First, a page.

Sore throats matter – get your tamariki and rangatahi checked by a health profes
24/04/2020 4:15:35 p.m.

Friday 24 April 

All tamariki/children and rangatahi/young people with a sore throat should be checked right away by a health professional because sore throats may be caused by COVID-19 or Strep A. 
Strep A can lead to rheumatic fever, which is a serious preventable disease which can cause permanent heart damage. 

“Unfortunately we continue to receive reports of cases of acute rheumatic fever during this period of national disruption,” says Dr Jim Miller, Medical Officer of Health for Toi Te Ora Public Health.
 
Rheumatic fever often starts with a sore throat (a streptococcal infection). A few weeks later the child may develop sore or swollen joints, skin rash, fever, stomach pain and jerky movements. Although these symptoms may disappear, the heart valves may be damaged and this damage may be permanent. A child diagnosed with rheumatic fever requires long-term follow up including monthly injections of Penicillin to stop further attacks.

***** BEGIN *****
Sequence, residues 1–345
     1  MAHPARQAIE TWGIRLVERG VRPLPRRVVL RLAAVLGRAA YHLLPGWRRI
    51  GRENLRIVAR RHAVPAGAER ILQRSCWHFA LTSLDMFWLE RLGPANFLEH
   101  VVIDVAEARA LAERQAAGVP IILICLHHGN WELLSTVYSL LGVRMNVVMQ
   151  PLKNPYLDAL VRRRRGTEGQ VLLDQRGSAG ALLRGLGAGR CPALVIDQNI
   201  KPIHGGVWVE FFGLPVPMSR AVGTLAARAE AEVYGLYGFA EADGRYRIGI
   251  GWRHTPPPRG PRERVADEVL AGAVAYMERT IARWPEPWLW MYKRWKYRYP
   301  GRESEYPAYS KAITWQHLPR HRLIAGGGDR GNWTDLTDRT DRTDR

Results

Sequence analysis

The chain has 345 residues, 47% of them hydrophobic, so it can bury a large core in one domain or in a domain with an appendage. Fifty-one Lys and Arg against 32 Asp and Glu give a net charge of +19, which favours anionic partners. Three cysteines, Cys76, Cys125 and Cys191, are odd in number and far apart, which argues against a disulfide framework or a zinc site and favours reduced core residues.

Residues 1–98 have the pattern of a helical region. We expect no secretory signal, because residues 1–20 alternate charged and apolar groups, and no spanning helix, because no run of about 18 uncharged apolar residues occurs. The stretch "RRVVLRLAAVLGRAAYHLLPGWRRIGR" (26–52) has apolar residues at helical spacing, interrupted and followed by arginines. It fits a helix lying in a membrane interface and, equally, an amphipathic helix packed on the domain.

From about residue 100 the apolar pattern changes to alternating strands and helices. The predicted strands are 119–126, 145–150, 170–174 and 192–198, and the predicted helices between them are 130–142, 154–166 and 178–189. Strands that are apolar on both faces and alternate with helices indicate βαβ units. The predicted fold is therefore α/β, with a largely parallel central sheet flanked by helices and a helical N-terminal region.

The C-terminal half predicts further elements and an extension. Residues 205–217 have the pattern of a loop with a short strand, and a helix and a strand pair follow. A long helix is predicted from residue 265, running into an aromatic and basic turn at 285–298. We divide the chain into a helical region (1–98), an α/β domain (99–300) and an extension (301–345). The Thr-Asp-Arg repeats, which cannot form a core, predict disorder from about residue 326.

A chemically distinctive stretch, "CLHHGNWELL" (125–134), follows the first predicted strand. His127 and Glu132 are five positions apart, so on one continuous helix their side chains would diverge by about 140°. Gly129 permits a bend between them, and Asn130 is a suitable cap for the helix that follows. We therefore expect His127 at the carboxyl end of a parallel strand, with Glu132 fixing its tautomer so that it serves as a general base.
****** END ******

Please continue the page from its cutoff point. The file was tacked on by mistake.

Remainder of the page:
“Fortunately, rheumatic fever is preventable, provided sore throats are treated correctly. If your child complains of a sore throat call your doctor promptly to arrange for them to be checked. Sore throats matter,” says Dr Miller.
Sore throats can also get checked at any COVID-19 Community Based Assessment Centres (CBACs). CBACs are open everyday and are free. See here for details on locations and opening hours: https://covid19.bopdhb.govt.nz/assessment-centres/ 

Being checked for a sore throat is an essential activity; you can travel to do this no matter the COVID-19 alert level. 

“If a ‘strep throat’ is diagnosed, the doctor will usually prescribe a 10 day course of antibiotics,” says Dr Miller.
Taking sore throats seriously will help prevent life long illness and suffering for our tamariki and rangatahi. For more information visit: www.toiteora.govt.nz/rheumatic_fever

Image caption: “Take sore throats seriously, get them checked and help prevent life long illness and suffering for our children and young people,” says Dr Jim Miller, Medical Officer of Health.

ENDS
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For more information, contact:
Debbie Phillips, Communications Advisor on 021 791 814